One commonly held industry view is that while younger viewers may watch large amounts of mobile video on platforms such as YouTube, they will revert back to the traditional viewing patterns, consuming larger amounts of linear TV, when they get older.
That’s not going to happen, said Antonio Carvalho VP, product, content & usage analytics at Liberty Global UK, speaking at an IBC Conference session examining changes in viewing patterns [16 September].
“There is an argument about lifestage – that there is a big difference in viewing habits before you have a family and after. But there’s already enough evidence out there to know that’s not the case – they don’t go back.”
Sarah Rose, director of consumer insight at UK broadcaster C4, said: “It’s the hardest thing because we just don’t know. Will viewing behaviour revert when people’s lives change?
It’s the thing we are least complacent about. Generation Z don’t grow up with linear brands, so we can’t take it for granted that they will come back.”
New online channels like YouTube TV and Facebook’s Watch, which are built around features such as personalisation and recommendation, will encourage new viewing patterns, said Rose.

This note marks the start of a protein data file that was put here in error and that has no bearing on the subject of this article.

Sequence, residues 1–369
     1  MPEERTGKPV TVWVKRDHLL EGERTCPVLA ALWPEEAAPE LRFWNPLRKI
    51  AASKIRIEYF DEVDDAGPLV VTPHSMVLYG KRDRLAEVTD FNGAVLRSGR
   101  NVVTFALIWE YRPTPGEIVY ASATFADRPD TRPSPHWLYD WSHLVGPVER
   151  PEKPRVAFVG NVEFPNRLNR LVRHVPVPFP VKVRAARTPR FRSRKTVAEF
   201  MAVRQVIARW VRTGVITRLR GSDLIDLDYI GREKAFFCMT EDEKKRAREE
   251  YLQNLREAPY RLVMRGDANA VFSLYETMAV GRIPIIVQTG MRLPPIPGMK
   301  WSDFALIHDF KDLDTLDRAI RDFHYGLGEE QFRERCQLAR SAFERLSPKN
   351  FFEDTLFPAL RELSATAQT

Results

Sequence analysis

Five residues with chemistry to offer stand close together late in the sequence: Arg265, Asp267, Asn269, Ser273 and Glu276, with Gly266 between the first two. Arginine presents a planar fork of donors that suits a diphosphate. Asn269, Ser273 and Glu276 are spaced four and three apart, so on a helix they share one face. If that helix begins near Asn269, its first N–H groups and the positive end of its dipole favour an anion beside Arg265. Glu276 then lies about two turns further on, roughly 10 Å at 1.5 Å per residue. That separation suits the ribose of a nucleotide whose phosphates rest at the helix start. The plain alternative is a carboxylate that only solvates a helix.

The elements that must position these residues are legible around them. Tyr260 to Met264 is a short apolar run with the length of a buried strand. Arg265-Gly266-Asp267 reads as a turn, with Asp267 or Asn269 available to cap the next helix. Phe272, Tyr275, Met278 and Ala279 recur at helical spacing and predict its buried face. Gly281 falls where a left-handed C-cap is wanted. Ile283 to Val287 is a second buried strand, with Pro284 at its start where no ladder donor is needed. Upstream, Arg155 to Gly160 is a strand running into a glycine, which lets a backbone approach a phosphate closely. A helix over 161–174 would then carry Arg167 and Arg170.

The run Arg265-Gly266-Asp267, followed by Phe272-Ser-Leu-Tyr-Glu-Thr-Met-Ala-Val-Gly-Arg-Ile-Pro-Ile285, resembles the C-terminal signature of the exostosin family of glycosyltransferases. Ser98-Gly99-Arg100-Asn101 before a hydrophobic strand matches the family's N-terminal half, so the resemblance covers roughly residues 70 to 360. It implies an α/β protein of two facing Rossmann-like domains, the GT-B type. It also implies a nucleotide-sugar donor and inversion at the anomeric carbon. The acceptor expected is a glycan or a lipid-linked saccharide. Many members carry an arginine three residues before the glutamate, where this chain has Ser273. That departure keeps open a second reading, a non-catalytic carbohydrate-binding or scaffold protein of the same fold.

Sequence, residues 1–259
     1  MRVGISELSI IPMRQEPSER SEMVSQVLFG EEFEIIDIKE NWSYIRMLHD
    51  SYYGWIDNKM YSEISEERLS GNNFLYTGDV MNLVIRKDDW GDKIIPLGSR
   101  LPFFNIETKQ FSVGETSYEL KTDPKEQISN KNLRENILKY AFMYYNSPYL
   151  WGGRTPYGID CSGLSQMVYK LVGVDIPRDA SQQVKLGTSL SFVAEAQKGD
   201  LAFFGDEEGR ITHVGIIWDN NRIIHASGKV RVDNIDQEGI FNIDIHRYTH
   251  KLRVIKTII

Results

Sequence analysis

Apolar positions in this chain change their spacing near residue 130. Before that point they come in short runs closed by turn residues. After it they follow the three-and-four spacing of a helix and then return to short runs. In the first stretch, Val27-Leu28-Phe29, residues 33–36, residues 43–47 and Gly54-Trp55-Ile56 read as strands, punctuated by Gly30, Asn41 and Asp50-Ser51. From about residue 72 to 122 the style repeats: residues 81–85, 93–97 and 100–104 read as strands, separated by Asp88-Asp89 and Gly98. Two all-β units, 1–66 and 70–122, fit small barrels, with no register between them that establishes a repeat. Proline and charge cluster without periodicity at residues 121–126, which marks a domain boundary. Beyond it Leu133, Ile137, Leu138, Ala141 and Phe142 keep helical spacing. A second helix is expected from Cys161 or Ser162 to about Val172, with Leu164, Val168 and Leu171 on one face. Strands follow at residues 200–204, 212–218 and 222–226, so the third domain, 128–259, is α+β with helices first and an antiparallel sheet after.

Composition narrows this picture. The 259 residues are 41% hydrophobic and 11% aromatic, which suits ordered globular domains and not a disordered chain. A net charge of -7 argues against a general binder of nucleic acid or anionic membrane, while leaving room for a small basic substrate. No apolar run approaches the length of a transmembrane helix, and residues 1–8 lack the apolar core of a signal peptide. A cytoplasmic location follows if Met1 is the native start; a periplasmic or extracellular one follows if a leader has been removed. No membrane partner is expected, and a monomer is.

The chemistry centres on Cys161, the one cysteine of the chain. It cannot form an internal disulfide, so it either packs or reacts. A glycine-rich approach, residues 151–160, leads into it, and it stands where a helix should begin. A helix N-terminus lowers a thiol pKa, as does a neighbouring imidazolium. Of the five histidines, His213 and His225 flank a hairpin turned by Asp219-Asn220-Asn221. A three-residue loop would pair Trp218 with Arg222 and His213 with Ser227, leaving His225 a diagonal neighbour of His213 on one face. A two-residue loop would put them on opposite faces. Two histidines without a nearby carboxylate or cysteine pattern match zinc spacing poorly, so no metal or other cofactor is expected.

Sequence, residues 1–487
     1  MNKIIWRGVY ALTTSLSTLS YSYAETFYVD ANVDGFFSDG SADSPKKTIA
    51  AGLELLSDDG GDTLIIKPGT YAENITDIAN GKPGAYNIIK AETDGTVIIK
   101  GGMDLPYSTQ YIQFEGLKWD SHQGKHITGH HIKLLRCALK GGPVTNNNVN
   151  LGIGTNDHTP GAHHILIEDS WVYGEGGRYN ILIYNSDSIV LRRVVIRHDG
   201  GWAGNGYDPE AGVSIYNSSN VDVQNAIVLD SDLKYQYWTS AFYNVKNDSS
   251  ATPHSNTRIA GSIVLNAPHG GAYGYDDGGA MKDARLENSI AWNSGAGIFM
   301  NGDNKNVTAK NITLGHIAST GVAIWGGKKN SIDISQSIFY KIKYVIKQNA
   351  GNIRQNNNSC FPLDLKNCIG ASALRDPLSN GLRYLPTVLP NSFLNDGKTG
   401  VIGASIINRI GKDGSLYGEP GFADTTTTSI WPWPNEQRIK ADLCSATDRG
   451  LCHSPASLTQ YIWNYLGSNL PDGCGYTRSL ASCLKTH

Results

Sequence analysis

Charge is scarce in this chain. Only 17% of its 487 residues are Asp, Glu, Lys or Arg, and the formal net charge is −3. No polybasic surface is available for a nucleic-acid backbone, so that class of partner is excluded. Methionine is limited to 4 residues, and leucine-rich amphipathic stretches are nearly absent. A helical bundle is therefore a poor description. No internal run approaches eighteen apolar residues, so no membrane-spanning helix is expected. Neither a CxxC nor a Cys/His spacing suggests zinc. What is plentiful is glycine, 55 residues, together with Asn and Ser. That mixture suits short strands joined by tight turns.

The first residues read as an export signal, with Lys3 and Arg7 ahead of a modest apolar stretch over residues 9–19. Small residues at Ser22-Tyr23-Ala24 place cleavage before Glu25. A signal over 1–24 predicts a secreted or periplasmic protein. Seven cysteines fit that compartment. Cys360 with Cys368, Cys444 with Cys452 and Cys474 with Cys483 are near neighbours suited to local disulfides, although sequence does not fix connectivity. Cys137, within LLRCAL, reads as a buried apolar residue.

“As broadcasters, we have to pay attention to these trends and offer audiences content how they want it, otherwise we will become old media.”
“Personalisation and recommendation is an important feature – it helps people navigate content in a confusing world. We have to take our curation skills and adapt them to what audiences want to do if we are to remain relevant.”
Rose predicted that Facebook’s entry into the TV market with Watch would have a big impact on the TV market. “Particularly if it gets into proper monetised video. Recent research showed that every week 80 per cent of millennials engage with Facebook in some way.”
Michel van der Voort, MD Screenforce Netherlands, reported that the growth of services such as YouTube and Netflix are the biggest concern for Dutch broadcasters.
“We have lost one-third of young viewers in the last two-to-three years. We are facing difficult times at this moment because those viewers are hard to get – because we will have more platforms on our TV sets perhaps it’s time for local broadcasters to put content together in one place.”
Accurate figures on viewing new platforms was also a big challenge facing the industry, said Rose.